Pooh and Piglet, Ben and Abby, Best Friends, Best Memories

Walt Disney World, 2012

Yesterday, I received an email from a friend who was doing a crossword puzzle. He wanted to know who was Pooh’s 6-letter friend. I wrote back that it could be Piglet, Tigger or Eeyore, but Piglet was Pooh’s best friend.  Sure enough, the correct response was Piglet. I didn’t expect the day to be filled with memories that were conjured by that simple email.

When Ben and I first started dating, we often walked to the flagship Disney Store on Fifth Avenue in Manhattan. It is no longer at that location. We wandered the 3 floors and I often left with little gifts- the courting phase of a relationship is fun, indeed!

Having spent increasing amounts of time with me, Ben was becoming fully immersed in the Disney mindset, and loving it, sometimes to his own amazement.  One day, as we strolled through the store, Ben called me to look at a figurine, exclaiming, “Abby, look! It’s Piglet and his best friend, Pooh!” I stared at him, speechless, and then started to laugh. He shook his head, laughed, and said, “I was macho before I met you!” Truth be told, he was not so macho. He was a big teddy bear, and he could calm me down with his great hugs. He was also a big kid at heart, and he indulged my inner child, and that was us.  He bought me that figurine as a surprise, and it will always be so special to me.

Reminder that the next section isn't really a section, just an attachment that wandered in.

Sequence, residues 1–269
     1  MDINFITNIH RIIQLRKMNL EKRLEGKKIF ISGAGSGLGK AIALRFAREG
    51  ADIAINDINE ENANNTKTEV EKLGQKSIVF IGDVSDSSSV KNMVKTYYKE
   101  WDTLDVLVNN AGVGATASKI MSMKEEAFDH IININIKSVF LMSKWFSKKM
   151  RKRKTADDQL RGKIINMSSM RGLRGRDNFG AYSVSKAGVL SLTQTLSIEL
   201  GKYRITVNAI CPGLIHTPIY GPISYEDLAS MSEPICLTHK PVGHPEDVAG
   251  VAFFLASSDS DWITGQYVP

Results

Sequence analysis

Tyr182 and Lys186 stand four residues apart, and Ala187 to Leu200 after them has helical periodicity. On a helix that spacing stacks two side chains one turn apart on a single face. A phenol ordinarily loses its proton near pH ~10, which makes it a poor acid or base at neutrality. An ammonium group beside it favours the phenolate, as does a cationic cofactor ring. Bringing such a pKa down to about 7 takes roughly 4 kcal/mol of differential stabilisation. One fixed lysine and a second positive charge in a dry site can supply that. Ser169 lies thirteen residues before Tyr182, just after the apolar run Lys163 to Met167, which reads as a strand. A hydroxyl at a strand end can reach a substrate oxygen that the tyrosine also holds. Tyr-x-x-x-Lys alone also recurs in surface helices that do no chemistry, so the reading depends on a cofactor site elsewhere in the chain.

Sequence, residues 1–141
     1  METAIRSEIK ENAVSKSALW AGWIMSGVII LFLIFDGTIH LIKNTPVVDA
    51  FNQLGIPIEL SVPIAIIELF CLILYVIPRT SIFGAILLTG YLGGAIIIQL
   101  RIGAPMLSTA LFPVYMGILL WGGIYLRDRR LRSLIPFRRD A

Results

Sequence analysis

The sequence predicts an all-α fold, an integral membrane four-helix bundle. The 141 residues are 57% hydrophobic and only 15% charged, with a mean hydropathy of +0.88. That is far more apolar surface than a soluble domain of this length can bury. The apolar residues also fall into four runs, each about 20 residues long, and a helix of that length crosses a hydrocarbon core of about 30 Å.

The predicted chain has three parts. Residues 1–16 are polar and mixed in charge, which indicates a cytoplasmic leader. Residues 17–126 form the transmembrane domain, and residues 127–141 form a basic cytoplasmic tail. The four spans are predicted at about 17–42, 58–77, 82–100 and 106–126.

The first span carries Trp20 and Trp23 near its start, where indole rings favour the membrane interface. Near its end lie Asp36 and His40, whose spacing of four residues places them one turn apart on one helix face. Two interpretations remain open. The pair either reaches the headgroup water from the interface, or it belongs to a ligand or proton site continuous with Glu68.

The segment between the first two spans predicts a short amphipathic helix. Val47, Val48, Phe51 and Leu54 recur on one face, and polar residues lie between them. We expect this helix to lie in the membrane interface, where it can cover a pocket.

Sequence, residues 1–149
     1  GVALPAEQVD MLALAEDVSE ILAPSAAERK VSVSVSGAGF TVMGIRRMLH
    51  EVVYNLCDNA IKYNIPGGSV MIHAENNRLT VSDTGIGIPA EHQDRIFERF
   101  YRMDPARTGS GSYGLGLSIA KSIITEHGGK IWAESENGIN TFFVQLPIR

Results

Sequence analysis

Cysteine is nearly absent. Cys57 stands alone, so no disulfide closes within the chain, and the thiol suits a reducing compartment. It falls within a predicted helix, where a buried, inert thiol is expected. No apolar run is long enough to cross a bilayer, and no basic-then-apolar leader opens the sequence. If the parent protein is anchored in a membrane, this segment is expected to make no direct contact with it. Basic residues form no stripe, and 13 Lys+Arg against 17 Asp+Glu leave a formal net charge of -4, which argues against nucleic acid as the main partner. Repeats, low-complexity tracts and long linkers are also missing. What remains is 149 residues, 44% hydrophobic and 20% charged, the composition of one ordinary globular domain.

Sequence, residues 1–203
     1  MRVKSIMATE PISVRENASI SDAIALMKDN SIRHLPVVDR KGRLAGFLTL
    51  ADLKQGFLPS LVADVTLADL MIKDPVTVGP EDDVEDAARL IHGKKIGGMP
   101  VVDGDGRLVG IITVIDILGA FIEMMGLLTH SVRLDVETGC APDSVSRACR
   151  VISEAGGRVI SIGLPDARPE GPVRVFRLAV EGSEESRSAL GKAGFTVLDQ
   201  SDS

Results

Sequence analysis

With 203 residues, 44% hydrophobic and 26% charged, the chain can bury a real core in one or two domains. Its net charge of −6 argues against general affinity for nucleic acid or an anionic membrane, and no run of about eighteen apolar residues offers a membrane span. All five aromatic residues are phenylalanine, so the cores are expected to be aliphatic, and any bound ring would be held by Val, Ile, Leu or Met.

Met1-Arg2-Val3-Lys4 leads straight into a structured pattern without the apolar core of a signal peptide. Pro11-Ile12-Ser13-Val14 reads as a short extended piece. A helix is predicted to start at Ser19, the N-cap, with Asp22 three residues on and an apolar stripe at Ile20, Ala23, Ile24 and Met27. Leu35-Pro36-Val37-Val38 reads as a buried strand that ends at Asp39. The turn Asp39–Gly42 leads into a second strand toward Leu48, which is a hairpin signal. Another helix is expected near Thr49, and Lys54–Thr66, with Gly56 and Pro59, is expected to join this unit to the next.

Disney Store,Winnie the Pooh,Piglet

Piglet and his Best Friend Pooh!
A very special figurine with very sweet memories.

Because of that incident, Pooh and his friends had a particularly special place in our hearts. At Walt Disney World, we always ate at the Crystal Palace buffet, so we could see them. After Ben’s ALS had progressed a bit, I got him settled at our table and then got a plate of food for him. There was one time that Pooh came by our table when I was at the buffet. When I returned, Ben told me that I’d missed Pooh but that he told him that I was going to be disappointed that I missed him. Ben was concerned that Pooh might not have understood him, since his speech was impaired and the costume would make it even harder to hear him (Yes, we did know it was really an actor in a costume, but when we were at Walt Disney World, we completely dove into the fantasy)  A few moments later, I looked up and Pooh was literally running towards our table. He pointed to Ben and then tapped his own forehead, letting me know that he remembered to come back (I speak fluent Disney). Pooh gave me a big hug and we posed for photos. Ben was absolutely thrilled. In fact, making that happen for me was monumental for Ben because, at this point, Ben needed a lot of assistance, and that was difficult for him on a lot of levels: It was not easy for him to be so vulnerable, he was self-conscious, he liked to take care of me and he felt like he could not do that anymore, and there was always a looming worry of what was going to happen next. In this moment, Ben was the hero- he brought Pooh to me! This remains a most treasured memory.

Walt Disney World, 2012

The memories are important. They are everywhere. People might find it odd that so much that I have and do is tied to Ben, and that I continue to regularly share these memories and talk about him. Am I dwelling in the past? Am I keeping myself in a relationship that is no longer here?